Yeah, I mean this is something that I grew up with, I’ve had family members who were cops, and then I have family members who have been taken into custody just because they were outside at a certain time of day. And so I’ve seen both sides, I’ve witnessed both of those things. And movements like Black Lives Matter were inspiring because so many of them were young Black and brown kids who were at the forefront of fighting against that, and to me, that is historical. It mirrors in many ways what happened in the 1970s, with groups like the Black Panthers. It’s like history repeating itself in the sense that the young people are the ones who are leading, who are at the forefront, who are forcing change, and you can just imagine all the anxiety. My husband is a guidance counselor for a high school here in East LA, and we’re always talking about those kinds of horrible situations, with who are essentially kids having to deal with so much.
And so I wanted to write about that the violence being perpetrated by the police is unnatural. The Visitor kind of just brings up, you know, uses those weapons against the cops, uses it against the system, and it’s very violent, like nature is very violent.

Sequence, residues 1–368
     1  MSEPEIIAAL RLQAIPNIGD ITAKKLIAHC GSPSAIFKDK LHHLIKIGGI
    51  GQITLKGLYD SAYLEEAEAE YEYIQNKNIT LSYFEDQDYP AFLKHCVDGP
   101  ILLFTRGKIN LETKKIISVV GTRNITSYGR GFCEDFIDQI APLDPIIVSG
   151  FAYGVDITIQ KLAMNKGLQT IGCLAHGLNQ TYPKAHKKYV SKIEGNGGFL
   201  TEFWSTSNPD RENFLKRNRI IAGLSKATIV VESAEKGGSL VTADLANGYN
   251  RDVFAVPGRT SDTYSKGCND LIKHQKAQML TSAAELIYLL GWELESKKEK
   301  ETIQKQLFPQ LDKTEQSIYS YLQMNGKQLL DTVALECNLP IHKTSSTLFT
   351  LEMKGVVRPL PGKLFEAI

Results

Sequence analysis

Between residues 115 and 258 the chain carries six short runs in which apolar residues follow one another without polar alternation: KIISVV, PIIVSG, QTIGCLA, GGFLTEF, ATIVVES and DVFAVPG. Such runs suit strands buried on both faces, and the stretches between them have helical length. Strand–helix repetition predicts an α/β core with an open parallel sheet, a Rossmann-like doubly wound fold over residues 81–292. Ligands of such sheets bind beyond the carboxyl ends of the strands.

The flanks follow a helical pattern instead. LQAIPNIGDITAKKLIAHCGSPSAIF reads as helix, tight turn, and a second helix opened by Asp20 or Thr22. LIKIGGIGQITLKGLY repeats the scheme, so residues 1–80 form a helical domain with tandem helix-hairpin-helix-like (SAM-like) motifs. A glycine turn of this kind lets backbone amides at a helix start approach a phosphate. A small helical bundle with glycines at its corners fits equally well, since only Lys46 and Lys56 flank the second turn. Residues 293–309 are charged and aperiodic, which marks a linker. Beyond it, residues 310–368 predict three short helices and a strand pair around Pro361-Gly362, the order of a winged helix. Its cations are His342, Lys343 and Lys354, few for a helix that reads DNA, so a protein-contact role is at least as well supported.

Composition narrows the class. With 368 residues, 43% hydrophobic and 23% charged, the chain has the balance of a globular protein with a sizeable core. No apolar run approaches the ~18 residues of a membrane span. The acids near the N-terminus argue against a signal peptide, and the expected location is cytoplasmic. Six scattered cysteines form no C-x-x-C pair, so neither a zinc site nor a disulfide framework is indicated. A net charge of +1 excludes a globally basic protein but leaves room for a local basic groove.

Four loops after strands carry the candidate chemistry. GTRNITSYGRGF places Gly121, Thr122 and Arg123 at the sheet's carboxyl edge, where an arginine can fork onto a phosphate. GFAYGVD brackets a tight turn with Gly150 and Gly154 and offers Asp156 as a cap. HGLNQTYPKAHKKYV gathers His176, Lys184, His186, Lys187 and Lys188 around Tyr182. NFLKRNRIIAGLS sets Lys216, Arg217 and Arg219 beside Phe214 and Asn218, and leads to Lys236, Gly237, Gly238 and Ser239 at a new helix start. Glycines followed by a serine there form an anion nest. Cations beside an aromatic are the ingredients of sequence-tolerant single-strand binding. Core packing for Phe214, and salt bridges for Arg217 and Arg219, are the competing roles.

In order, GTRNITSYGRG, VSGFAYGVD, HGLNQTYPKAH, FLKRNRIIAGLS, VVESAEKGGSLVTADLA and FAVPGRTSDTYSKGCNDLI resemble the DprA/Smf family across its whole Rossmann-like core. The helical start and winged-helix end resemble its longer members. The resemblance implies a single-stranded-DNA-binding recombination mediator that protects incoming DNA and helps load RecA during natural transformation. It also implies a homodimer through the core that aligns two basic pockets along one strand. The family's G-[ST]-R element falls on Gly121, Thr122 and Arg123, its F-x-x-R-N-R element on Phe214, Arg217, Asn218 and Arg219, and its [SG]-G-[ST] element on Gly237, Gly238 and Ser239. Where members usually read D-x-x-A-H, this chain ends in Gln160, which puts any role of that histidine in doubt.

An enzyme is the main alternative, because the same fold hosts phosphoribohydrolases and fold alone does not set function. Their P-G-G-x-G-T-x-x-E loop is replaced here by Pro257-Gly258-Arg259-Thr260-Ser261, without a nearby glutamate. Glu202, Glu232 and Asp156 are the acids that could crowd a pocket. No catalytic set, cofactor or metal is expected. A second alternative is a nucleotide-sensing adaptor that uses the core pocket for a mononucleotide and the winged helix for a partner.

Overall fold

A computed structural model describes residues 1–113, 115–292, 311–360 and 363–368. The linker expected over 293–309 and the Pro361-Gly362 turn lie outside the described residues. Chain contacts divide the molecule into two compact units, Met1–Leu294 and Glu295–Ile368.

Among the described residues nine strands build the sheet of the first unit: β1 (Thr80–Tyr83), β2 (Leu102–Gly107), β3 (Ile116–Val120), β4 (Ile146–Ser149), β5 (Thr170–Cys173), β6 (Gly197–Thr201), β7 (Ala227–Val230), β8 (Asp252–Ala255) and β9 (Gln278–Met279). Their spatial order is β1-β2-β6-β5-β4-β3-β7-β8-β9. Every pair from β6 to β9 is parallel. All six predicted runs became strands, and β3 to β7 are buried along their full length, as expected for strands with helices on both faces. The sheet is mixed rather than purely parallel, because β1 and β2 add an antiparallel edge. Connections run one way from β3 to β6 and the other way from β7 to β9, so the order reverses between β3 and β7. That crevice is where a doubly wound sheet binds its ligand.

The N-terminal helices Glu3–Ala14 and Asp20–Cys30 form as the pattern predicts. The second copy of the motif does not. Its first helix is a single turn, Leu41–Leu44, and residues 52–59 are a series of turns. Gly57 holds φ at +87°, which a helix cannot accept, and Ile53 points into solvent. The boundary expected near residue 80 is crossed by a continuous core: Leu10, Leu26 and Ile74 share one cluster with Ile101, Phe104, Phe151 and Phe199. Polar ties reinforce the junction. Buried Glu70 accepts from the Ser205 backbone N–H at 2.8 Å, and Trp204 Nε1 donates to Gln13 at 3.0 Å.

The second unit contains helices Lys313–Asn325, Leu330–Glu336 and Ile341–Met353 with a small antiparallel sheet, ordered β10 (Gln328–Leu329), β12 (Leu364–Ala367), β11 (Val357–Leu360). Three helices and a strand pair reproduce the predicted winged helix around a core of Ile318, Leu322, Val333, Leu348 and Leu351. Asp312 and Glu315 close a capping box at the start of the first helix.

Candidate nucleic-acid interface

Oh yeah, for sure, and there’s instances where any outside observer or visitor from another planet should be able to look at the situation and see that these scales are not balanced right? The scales of justice are not balanced; in fact they’re tipping way, way in the wrong direction. And I think you know this Visitor; he’s providing that perspective.
I think he (and his race) are looking at us from this entirely separate point of view and just saying like yeah, no, you guys have it all wrong. You had your chance, and this is way you chose to deal with your own people, you screwed it up. It’s an important allegory Lilliam and I really appreciated not what you were trying to say, but what you did say.